After years of deflation, a property-market bust, and high unemployment, the Hong Kong economy is showing signs of life. And it falls to Hong Kong Financial Secretary and economic steward Henry Tang to keep the recovery alive. If he succeeds, Tang may have a shot at becoming the next chief executive of the former British colony when incumbent Tung Chee Hwa departs in 2007. On May 25, Tang met with BusinessWeek to discuss the risks of a runaway mainland economy, the likelihood of interest-rate hikes in the U.S. and China, the economic challenges facing Hong Kong, and rising concerns about political freedom. Edited excerpts follow:
Do you believe China's economy will slow down?
In Hong Kong, especially, we would like to see China's economy grow at a sustainable pace. The last thing we want to see is very fast growth followed by slamming on the brakes and then speeding up again. When I compare the situation with 1993 -- when [Chinese authorities] slammed on the brakes across the board -- the fact that they have planned controls earlier and more selectively means they are much more sophisticated in applying such measures today. They realize growth is mainly credit-fueled, so they are requiring higher reserves or higher capital, and this will slow some of the growth.
Will China pull off a soft landing?
China is in an evolutionary process, moving from a state-managed economy to a more market-oriented one -- it's gradual, not big-bang. They chip away at the edges as much as they can. [So] I anticipate a soft landing. That's the best result we could hope for. But if there is a hard landing, we will plan for the worst. In many ways we are still very strong, with sizable reserves.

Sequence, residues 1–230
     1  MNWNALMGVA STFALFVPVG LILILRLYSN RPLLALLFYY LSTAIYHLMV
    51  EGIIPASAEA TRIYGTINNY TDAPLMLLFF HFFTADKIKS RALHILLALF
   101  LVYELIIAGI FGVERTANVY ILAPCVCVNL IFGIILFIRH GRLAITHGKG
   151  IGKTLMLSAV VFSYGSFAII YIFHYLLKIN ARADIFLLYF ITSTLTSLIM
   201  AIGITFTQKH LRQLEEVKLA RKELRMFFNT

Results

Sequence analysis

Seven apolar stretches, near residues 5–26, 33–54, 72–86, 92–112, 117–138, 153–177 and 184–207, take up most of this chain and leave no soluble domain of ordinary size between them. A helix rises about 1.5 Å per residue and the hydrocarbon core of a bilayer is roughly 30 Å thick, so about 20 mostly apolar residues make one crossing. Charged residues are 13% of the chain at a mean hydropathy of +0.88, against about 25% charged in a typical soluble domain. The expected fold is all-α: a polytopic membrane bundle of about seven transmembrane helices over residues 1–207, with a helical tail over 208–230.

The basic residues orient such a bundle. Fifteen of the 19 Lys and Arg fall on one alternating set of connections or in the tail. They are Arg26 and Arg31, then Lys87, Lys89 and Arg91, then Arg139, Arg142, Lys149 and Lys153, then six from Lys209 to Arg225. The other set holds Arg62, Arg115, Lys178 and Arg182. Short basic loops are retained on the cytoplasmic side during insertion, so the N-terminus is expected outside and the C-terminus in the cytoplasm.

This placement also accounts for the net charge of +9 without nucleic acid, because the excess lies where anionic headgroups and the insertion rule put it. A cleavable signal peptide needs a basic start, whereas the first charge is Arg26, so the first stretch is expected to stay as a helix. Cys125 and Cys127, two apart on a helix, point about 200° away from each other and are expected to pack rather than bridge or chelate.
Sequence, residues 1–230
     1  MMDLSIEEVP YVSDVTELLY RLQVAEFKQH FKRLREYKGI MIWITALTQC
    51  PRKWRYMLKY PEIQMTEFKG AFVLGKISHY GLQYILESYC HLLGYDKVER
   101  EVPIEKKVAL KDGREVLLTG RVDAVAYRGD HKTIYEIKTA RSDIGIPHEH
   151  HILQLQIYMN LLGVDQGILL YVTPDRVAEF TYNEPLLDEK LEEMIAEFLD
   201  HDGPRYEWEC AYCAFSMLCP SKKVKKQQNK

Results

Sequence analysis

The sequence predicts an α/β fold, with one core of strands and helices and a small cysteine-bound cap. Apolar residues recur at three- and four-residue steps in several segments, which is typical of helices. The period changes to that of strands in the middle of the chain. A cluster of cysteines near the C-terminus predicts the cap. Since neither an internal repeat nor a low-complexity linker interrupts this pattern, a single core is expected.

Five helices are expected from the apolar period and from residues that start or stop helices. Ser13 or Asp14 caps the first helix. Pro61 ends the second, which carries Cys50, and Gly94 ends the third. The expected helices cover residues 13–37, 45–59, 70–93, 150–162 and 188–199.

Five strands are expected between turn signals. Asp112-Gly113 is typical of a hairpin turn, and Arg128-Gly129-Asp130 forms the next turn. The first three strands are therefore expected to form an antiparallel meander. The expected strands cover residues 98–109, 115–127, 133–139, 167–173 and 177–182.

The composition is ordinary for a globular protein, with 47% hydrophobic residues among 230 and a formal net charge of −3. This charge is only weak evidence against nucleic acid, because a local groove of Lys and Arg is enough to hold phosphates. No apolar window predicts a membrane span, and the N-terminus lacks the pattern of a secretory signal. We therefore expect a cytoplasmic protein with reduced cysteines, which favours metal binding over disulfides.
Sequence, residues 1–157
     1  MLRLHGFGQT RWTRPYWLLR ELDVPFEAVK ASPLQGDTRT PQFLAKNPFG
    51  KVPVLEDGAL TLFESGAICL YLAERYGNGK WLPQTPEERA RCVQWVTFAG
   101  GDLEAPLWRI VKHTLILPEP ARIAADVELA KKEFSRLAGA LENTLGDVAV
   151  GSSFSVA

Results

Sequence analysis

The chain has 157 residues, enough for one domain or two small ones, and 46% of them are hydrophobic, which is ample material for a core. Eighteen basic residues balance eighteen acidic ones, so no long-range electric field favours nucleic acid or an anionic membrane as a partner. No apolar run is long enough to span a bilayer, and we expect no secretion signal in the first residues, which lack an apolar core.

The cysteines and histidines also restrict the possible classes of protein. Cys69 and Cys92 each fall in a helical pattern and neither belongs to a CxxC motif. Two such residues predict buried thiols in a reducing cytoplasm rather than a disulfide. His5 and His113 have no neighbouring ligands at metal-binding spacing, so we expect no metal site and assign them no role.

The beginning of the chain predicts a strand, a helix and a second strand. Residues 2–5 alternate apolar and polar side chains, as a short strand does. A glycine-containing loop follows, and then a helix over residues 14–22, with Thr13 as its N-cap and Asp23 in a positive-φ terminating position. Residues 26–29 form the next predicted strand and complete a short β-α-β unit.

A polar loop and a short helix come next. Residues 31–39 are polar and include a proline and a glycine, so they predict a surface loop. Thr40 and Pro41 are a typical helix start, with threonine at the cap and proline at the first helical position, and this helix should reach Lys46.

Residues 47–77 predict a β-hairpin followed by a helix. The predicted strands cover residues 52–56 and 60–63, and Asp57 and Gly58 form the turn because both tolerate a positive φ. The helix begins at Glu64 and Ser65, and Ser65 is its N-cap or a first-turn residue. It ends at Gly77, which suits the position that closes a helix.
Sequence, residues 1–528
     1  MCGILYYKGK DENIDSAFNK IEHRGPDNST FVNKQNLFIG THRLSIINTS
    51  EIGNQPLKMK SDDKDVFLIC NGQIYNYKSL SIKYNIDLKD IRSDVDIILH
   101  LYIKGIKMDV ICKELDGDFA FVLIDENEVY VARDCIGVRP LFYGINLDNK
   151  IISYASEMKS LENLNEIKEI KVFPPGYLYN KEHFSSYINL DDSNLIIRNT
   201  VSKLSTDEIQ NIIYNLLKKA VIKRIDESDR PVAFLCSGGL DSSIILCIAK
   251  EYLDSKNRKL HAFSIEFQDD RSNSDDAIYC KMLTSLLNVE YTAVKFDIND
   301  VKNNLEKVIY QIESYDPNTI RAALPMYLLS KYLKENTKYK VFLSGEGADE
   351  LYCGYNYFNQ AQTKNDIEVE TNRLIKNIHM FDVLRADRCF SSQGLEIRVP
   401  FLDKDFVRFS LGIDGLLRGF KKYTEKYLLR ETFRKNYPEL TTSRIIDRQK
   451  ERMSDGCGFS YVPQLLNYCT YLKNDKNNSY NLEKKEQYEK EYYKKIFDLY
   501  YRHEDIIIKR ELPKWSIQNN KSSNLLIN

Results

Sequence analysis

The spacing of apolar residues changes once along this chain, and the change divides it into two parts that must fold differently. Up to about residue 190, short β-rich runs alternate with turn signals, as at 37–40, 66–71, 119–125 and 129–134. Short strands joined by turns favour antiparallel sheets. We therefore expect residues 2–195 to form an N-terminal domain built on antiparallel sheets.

Who really directs China's economic policy?
[Chinese Premier] Wen Jiabao is the focal point on financial policy. Helping him is [Politburo member] Huang Ju. The financial-policy side gets [Wen's] personal attention, but he is also responsible for the overall economic policy.
Do you expect that China will raise interest rates?
I don't see it happening today. But after the U.S. raises its rates, [China] will have more flexibility. If [Beijing] moves interest rates, then [upward] pressure on the yuan will be even greater.
Do you expect Hong Kong to adopt the yuan as its currency anytime soon?
Even when the yuan becomes fully convertible, I don't see us using it rather than the Hong Kong dollar. It's a currency we are all familiar with, and our dollar is pegged to the U.S. dollar. I don't have any intention of reviewing the peg].
Can Hong Kong ever return to the 2% unemployment level seen before 1997 now that the current rate is 7.1%?
It's going to be a huge challenge to get unemployment down to those levels: 2% is not healthy. I think 4% to 6% is full employment. In the financial sector, people can find jobs. But others have a hard time finding jobs in a knowledge economy. Tourism can help [generate jobs]. So we will continue to advertise Hong Kong as a cosmopolitan city.
There's a perception that the recent resignations of Hong Kong radio talk-show hosts were due to political pressure. Has that perception caused any economic fallout?
So far, I don't see any fallout. I don't think the people think the Hong Kong government is behind it. The freedom to express oneself is a freedom that we treasure greatly. I don't want to see anything hinder the freedom of people to express themselves, as long as it is peaceful and legal. Those radio shows continue every morning, and [the new hosts] are as vociferous as those they replaced.
Do you think Hong Kong citizens are now more assertive in defending press freedom and democratic reform?
Yes, they are much more aware of their rights of freedom of expression, and they are not afraid to exercise those rights, which I think is fine. Our society is a rule-of-law society. I'm happy that people are more assertive in exercising those rights.